Professor explores African storytelling traditions
Nov. 3, 2009
KALAMAZOO--Western Michigan University's Dr. Mustafa Mirzeler will discuss the oral storytelling traditions of northern Uganda in a free, public lecture at 7 p.m. Thursday, Nov. 5, in Room 3025 of Brown Hall.
During his talk, "Memories of Rivers and the Journey of the Gray Bull Engiro," Mirzeler will discuss oral storytelling traditions and the role of memory in the region of Najie in northern Uganda. He will focus on how storytellers and audiences remember the gray bull Engiro drinking the water of the Longiro River.
Mirzeler, an associate professor of English at WMU, teaches African storytelling, folklore and mythology, the oral tradition and the novel, Asian literature, postcolonial literature, travel writing, and Turkish literature in translation.
Born in southern Anatolia, Turkey, he received his Ph.D. from the University of Wisconsin at Madison. During his graduate studies in the 1990s, he traveled to Sub-Saharan East Africa and worked with African storytellers as a part of his doctoral research. There, he learned the art of storytelling from the African storytellers, poets and historians with whom he worked. He is now working on his own book, "African Storytellers: The Jie and Turkana Oral Tradition of Origin."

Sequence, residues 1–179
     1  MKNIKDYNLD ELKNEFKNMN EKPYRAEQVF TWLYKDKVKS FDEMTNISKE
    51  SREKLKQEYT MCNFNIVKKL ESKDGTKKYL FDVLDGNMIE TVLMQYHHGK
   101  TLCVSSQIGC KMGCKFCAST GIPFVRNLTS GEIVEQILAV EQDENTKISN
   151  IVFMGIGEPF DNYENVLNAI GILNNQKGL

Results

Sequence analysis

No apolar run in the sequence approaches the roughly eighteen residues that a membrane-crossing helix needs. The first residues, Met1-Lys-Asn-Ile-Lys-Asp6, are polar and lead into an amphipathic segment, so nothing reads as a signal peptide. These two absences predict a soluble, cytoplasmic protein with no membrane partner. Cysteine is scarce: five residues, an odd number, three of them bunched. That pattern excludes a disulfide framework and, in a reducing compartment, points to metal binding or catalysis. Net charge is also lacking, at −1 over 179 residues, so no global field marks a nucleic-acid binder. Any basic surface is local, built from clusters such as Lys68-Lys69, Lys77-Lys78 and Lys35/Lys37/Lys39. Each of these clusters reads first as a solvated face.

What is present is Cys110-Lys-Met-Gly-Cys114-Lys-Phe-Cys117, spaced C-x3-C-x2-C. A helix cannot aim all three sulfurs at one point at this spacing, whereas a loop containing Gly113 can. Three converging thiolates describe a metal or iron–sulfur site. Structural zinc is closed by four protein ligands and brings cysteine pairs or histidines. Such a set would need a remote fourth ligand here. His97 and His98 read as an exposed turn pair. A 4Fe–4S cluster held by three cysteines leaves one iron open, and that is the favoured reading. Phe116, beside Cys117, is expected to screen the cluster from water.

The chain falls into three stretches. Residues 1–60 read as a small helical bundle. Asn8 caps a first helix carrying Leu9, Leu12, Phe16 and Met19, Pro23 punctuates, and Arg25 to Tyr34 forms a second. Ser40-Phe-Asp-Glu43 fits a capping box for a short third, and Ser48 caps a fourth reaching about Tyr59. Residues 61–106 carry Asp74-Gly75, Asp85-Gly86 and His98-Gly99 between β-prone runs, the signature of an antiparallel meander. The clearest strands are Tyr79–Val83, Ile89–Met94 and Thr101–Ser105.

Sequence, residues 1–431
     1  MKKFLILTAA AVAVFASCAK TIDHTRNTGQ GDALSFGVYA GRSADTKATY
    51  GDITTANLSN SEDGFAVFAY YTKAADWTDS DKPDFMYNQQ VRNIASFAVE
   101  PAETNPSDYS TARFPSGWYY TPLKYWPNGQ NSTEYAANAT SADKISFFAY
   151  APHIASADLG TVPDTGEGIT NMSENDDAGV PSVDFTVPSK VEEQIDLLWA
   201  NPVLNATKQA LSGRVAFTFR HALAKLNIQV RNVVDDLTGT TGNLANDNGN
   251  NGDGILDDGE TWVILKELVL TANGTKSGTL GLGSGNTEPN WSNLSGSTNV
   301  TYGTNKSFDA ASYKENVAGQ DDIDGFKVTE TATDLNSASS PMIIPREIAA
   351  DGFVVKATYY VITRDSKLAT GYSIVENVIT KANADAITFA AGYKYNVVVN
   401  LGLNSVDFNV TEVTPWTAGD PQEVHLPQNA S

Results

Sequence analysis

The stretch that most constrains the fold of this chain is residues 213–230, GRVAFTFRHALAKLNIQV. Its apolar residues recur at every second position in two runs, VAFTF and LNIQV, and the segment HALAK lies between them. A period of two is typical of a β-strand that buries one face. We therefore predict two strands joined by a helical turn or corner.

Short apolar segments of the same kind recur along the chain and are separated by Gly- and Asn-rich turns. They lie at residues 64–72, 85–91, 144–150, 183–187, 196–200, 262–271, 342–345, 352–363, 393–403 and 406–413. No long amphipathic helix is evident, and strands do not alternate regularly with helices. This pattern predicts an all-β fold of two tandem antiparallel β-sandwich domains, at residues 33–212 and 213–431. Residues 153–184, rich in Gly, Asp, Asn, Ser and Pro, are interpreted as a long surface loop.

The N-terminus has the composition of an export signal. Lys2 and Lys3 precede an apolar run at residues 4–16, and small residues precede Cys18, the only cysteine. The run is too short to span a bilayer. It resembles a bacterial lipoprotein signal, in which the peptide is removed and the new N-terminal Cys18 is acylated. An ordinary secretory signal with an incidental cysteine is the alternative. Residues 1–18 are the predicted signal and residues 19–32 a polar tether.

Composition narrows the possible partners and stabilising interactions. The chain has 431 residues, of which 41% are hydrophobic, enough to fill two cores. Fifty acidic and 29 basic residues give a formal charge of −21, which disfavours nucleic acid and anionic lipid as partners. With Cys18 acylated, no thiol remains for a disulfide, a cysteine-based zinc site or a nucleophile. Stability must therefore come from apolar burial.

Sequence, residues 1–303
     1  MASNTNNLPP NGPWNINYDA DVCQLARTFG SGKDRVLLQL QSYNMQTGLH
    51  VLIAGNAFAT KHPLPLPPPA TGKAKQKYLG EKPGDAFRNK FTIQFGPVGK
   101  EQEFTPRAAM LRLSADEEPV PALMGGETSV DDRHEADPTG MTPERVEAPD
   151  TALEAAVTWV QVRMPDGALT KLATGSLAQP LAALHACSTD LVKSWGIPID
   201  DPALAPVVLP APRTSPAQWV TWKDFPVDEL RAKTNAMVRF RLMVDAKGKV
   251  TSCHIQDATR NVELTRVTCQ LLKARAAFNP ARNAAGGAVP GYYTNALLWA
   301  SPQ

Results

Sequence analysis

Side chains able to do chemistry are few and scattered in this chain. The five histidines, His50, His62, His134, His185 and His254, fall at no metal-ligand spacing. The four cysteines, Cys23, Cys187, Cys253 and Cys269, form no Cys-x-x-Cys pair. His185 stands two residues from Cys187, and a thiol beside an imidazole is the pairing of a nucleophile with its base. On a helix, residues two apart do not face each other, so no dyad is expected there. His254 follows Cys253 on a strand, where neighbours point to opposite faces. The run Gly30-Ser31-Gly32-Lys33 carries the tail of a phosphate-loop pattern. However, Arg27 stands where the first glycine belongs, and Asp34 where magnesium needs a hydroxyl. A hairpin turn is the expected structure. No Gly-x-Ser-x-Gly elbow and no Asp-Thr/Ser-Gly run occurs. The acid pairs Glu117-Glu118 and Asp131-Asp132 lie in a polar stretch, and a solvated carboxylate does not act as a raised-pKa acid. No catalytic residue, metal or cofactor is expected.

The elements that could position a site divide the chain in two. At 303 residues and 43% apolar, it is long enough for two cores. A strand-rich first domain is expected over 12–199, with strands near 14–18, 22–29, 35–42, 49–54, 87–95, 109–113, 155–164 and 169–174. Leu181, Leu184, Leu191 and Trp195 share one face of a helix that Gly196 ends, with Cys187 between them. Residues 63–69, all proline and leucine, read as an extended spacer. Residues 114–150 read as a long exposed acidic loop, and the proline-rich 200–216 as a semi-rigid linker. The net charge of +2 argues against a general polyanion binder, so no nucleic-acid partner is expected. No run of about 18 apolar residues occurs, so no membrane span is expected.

Mirzeler's Nov. 5 lecture is part of the Department of English's Scholarly Speaker Series.
2009 Department of English Scholarly Speaker Series
All events are free and open to the public.
For more information, contact Dr. Anthony Ellis, assistant professor of English, at email@example.com or (269) 387-2606.
Media contact: Tonya Durlach, (269) 387-8400, firstname.lastname@example.org